Iconic fixtures of Stone Town’s world-renowned seafront area, the House of Wonders and Palace Museum convey the cultural and architectural influences of Zanzibar, Britain, Portugal, and Oman over the centuries.
The House of Wonders was once the most modern building in East Africa—it was the first building to have electricity and an elevator—and it mixes elements of European style and Zanzibari tradition by including cast iron columns, elaborate door carvings, coral rag, open central courtyards, and mangrove ceilings that together form a truly unique architectural achievement.
Just next to it is the Palace Museum, built by the second sultan of Zanzibar in 1883, which is an opulent palace comprised of beautiful marble flooring, coral stone walls, and silver decorations.
The palace was built in the Omani style as an extravagant Arab mansion, and holds many relics that offer a rare glimpse of a past era.
The House of Wonders and Palace Museum have been converted into popular cultural destinations.
The House of Wonders presents exhibitions dedicated to Swahili culture and the Palace Museum highlights its ties to Zanzibar’s Omani history.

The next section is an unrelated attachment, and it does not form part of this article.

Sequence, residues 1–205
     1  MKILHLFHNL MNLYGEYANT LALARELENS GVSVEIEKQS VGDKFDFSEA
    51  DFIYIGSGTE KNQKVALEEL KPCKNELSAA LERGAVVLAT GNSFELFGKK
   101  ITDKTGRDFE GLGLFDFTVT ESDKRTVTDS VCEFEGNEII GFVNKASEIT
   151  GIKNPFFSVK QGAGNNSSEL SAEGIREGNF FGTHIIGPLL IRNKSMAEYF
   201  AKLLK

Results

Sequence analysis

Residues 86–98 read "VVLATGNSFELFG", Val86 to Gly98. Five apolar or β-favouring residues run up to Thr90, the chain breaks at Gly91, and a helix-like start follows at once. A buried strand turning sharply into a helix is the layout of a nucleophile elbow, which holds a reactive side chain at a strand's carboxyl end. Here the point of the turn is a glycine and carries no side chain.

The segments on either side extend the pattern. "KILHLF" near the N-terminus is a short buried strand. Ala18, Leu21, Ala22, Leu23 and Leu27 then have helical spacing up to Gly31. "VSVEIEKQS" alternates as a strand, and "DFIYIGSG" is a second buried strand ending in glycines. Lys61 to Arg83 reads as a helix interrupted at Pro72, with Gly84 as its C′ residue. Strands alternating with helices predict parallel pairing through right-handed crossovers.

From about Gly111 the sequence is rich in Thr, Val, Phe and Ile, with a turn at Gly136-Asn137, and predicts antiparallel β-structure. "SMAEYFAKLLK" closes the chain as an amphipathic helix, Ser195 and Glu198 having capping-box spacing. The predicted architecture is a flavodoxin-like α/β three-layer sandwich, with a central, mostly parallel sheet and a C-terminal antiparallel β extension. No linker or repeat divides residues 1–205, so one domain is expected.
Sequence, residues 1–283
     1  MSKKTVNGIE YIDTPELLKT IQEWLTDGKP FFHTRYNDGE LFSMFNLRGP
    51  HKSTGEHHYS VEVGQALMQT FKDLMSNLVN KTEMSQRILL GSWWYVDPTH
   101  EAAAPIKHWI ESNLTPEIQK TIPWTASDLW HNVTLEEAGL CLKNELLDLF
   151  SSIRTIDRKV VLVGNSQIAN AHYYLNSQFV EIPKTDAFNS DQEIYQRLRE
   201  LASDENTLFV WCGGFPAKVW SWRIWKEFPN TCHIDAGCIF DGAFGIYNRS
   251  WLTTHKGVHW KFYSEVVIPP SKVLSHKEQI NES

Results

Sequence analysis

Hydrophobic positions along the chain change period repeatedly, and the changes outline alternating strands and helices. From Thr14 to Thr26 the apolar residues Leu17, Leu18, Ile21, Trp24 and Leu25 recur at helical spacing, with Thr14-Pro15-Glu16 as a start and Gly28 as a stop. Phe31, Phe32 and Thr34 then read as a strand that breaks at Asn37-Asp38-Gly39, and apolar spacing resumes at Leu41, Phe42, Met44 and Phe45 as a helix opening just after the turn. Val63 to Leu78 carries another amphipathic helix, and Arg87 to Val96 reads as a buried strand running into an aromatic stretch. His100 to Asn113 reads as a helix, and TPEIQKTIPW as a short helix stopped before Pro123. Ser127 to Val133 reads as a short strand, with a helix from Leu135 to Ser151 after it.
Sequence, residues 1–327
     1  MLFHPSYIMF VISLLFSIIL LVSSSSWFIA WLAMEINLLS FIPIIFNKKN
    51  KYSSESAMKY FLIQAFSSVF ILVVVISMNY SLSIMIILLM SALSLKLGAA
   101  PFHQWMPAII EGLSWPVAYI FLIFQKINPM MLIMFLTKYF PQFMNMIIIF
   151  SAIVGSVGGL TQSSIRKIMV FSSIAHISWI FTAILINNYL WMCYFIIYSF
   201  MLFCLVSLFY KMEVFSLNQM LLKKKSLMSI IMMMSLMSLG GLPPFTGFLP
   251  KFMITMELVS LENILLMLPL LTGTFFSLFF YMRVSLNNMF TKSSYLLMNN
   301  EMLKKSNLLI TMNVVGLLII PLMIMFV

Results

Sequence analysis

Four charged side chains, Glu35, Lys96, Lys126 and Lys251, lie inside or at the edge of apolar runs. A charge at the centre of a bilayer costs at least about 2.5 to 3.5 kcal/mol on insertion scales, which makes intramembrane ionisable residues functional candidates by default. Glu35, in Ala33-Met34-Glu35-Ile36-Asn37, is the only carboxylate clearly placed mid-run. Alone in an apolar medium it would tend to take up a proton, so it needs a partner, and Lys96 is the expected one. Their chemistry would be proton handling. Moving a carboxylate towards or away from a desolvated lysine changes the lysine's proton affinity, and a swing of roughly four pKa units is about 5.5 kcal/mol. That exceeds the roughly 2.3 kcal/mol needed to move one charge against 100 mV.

Despite high visitation and acknowledged importance, both buildings are in poor condition and at risk of structural failure due to a lack of conservation and environmental challenges.
In November 2012, a large corner of the House of Wonders collapsed, taking with it several of the iron pillars and threatening the building’s façade and overall structural integrity.
The roofs of both buildings are in precarious state. Approximately 30,000 travelers visit Stone Town per year, a number that reflects the importance of the tourism industry to the livelihoods of many Zanzibaris.
Both buildings also host a number of public events every year, but have the capacity to do even more if restored.
Inclusion on the Watch seeks to draw attention to the plight of this site both locally and internationally.
Few are aware of the urgent threats to the House of Wonders and Palace Museum.
There is hope that building capacity and investment in immediate action will ensure their long-term survival and continued use.
The House of Wonders and Palace Museum were one of nine recipients of a grant from American Express for sites on the 2014 Watch.
The award will support a survey and report on the structural integrity of the building in order to prepare it for restoration work. August 2014